No special requirements are necessary. How would this compile if A or B did not have a bigfile constructor? The interface specification is not needed. If D supported runtime reflection (and it does to a very very small degree), then you could use it to ensure the correct constructor is available. -Steve
May 16 2011
prev sibling parent "Steven Schveighoffer" <schveiguy yahoo.com> writes:
On Mon, 16 May 2011 16:34:20 -0400, nrgyzer <nrgyzer gmail.com> wrote:

 == Auszug aus Steven Schveighoffer (schveiguy yahoo.com)'s Artikel

 If D supported runtime reflection (and it does to a very very small
 degree), then you could use it to ensure the correct constructor is
 available.
 -Steve

It's semicode, so I haven't try to implement it... it should only show what I'm trying to do. I'm currently thinking about an empty constructor in an abstract class like: abstract class ABC { this(Stream) { // do nothing } } class A : ABC { this(Stream s) { super(s); // read my block-specific bytes } }

First, this should work. Second, there is no good reason to do this. An abstract class is allowed to have an empty constructor, but does not force one to implement a Stream-accepting constructor. For example, this would be a valid subclass: class A : ABC { this() { super(null); } } I'm not very good at explaining things sometimes, but if you think about this for a while, it should sink in. Construction is a concrete activity, you need to have all information about a class to construct it. Interfaces and polymorphism is an abstract activity, you do not need to have the full definition of the class to call virtual methods. There is no point to have a constructor definition to force a signature, because it just won't matter. The derived class does not have to override base constructors because base constructors are not virtual methods. What you probably want is a factory method such as: ABC abcfactory(Stream s) { header = readHeader(s); if(header == Aheader) return new A(s); ... else throw new Exception("Unknown header"); } What you should put in ABC is methods you would call on the objects *after* they are constructed. Now, with runtime reflection, you can "look up" classes based on the class names and their appropriate constructors. I've written such systems in C#, and it's not extremely easy to do it safely. It's much more straightforward and less error prone to just use a factory method like the above. -Steve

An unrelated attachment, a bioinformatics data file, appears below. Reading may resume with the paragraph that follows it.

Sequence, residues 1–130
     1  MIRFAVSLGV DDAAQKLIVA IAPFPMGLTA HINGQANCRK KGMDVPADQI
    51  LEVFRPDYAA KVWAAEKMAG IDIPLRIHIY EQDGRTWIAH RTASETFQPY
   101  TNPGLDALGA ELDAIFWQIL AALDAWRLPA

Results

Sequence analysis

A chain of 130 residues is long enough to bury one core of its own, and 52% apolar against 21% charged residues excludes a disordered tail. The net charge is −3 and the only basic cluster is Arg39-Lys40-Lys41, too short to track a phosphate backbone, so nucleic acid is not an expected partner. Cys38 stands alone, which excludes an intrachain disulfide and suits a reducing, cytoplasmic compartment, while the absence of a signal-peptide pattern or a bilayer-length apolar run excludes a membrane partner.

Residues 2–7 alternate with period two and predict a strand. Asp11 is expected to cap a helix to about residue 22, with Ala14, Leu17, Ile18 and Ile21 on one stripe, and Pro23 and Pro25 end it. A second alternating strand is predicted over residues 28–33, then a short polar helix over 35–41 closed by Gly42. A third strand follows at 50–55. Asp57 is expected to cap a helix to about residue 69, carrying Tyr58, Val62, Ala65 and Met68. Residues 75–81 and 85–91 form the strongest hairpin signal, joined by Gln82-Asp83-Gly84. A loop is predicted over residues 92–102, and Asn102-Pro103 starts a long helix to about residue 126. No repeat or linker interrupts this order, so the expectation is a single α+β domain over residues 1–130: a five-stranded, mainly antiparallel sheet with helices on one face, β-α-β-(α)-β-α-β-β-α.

May 16 2011